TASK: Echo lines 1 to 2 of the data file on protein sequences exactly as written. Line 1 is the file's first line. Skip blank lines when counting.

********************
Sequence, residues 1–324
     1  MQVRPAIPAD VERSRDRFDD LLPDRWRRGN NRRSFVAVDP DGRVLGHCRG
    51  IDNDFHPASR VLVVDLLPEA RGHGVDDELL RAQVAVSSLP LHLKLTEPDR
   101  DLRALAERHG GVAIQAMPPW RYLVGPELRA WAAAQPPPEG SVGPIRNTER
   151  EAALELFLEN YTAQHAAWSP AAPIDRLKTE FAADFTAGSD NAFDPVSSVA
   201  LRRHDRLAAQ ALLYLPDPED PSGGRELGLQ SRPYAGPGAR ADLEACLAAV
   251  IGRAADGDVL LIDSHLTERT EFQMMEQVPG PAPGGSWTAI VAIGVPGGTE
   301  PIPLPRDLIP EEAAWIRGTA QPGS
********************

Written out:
Sequence, residues 1–324
     1  MQVRPAIPAD VERSRDRFDD LLPDRWRRGN NRRSFVAVDP DGRVLGHCRG